Are you putting your brain to sleep in regards to your finances?

Which Mindset Will You Choose?

As we become financially literate and exercise our brains, we may notice a change in how we think about money.

Notice the differences of thought between Poor Dad and Rich Dad:

Poor DadRich Dad
The rich should pay more taxes to take care of the poorTaxes punish those who produce and reward those who don't
Find a good company to work forFind a good company to buy
I am not rich because I have kidsI must be rich because I have kids
Money is never discussed at the dining tableTalking about money is encouraged at the dining table
My house is my largest investment and greatest assetMy house is a liability
Study hard to earn a degree and get a good jobStudy hard to understand how money works
"I work for money""Money works for me"

What we believe about our present condition will impact our future.

Robert stated:

"There is a difference between being poor and being broke. Broke is temporary. Poor is eternal."

Being broke speaks to your financial situation, which can be changed over time as you work towards your goals.

Being poor speaks to your attitude and state of mind. A person who believes he is poor creates a self-fulfilling prophecy and a cycle that will be almost impossible to break.

Money Comes and Goes. Knowledge Remains!

Money is a form of power. But what is more powerful is financial education. Money comes and goes, but if you have the education about how money works, you gain power over it and can begin building wealth.

I see the truth in this statement, but I also understand why this idea might be challenging for people.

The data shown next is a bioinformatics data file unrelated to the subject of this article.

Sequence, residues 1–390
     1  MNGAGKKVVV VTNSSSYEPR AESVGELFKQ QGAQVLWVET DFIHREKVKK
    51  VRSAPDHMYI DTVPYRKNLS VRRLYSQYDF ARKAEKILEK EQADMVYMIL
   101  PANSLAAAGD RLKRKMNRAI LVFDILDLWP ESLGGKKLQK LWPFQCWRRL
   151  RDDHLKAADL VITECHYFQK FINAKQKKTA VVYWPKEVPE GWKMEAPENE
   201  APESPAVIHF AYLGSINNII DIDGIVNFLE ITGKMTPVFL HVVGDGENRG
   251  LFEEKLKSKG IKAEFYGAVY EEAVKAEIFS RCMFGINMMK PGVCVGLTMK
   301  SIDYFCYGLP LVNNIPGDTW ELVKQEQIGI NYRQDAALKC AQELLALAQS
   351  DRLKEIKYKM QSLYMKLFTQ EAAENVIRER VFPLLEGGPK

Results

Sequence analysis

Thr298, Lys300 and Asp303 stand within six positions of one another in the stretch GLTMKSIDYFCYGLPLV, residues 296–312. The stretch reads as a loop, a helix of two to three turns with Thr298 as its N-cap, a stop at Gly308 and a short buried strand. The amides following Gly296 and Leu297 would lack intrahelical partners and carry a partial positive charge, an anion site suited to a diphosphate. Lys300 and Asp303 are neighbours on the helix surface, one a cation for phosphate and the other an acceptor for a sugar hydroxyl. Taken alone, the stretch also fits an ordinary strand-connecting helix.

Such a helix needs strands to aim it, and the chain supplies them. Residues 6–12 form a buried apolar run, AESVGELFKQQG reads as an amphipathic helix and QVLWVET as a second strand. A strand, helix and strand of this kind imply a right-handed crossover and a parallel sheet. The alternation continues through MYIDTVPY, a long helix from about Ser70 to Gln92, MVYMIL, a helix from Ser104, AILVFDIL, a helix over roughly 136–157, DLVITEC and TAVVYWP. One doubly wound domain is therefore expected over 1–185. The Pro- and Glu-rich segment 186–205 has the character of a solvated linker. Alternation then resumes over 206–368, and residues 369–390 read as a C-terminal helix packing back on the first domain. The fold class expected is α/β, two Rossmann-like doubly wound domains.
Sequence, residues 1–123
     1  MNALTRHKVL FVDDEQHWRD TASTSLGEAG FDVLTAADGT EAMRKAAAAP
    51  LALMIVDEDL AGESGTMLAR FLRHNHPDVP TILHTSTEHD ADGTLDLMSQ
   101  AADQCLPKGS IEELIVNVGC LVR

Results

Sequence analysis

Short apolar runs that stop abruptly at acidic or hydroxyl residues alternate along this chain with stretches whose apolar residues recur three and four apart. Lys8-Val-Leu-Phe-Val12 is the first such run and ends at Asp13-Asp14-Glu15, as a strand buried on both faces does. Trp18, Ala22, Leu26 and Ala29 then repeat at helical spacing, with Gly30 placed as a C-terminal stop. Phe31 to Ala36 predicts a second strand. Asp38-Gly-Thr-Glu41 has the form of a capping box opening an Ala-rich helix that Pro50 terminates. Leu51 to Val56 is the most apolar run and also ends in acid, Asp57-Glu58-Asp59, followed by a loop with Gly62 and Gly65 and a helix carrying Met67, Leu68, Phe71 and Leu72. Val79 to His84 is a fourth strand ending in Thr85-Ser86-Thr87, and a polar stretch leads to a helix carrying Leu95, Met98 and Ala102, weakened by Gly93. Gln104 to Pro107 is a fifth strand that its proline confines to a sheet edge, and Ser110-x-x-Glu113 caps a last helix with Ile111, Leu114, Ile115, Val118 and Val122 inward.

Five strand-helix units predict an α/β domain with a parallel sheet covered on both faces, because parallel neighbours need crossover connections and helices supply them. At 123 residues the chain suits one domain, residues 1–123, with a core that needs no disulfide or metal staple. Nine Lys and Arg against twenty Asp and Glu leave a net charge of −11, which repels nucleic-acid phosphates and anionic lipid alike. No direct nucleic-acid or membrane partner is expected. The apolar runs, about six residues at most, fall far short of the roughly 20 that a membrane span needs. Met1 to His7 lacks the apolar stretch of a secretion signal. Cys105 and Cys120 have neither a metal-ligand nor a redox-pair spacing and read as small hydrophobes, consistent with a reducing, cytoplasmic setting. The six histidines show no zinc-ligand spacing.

Often times we want instant gratification and immediate results. We are not willing to put in the necessary time and effort to build a better future.

Money is sexy. Knowledge is boring. But without the proper foundation (solid information) is impossible to build wealth and streams of income.

Money comes and goes. There are crashes, bubbles, and bad actors. But knowledge remains! If you have the right knowledge, you can reset or rebound after a challenge or obstacles (time and time again).

I am being challenged to think just as much about the journey (the acquisition of knowledge) and the end goal (freedom and wealth).

I Want To Hear From You

Let's continue this conversation in the comments section.

  1. Do you feel that you are financially literate?
  2. Who taught you financial principles?
  3. What is one piece of financial advice everyone should follow?

Thanks for stopping by!

@SumatraNate.Leo

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Great stuff! Rich Dad Poor Dad should be mandatory reading for everyone 👍

Money is sexy. Knowledge is boring.

Herein lies the conundrum. So many want the money, but few want to gain the knowledge needed for it.

  1. I feel I am financially literate at a bday level, but I realise I have so much more to learn too.

  2. I learnt most of my financial basics from my mum, but it's been built on through experience, not always good experiences, either.

  3. Learn the difference between a liability and and asset. It's not always what society would have you believe.